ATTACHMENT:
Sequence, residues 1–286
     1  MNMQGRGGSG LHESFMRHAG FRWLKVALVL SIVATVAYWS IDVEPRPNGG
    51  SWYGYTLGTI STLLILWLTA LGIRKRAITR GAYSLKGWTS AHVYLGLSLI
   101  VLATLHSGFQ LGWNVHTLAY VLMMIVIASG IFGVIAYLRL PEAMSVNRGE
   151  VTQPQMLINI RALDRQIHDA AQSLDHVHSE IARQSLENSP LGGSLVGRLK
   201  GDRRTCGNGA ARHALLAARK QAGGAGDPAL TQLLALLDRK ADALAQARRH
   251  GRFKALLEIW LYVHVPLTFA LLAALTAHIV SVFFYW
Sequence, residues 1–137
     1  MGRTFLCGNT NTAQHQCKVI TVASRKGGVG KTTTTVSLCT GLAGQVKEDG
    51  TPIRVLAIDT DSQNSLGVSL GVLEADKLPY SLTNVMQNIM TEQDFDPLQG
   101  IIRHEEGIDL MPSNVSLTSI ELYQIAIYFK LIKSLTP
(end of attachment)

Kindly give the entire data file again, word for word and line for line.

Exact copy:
Sequence, residues 1–286
     1  MNMQGRGGSG LHESFMRHAG FRWLKVALVL SIVATVAYWS IDVEPRPNGG
    51  SWYGYTLGTI STLLILWLTA LGIRKRAITR GAYSLKGWTS AHVYLGLSLI
   101  VLATLHSGFQ LGWNVHTLAY VLMMIVIASG IFGVIAYLRL PEAMSVNRGE
   151  VTQPQMLINI RALDRQIHDA AQSLDHVHSE IARQSLENSP LGGSLVGRLK
   201  GDRRTCGNGA ARHALLAARK QAGGAGDPAL TQLLALLDRK ADALAQARRH
   251  GRFKALLEIW LYVHVPLTFA LLAALTAHIV SVFFYW
Sequence, residues 1–137
     1  MGRTFLCGNT NTAQHQCKVI TVASRKGGVG KTTTTVSLCT GLAGQVKEDG
    51  TPIRVLAIDT DSQNSLGVSL GVLEADKLPY SLTNVMQNIM TEQDFDPLQG
   101  IIRHEEGIDL MPSNVSLTSI ELYQIAIYFK LIKSLTP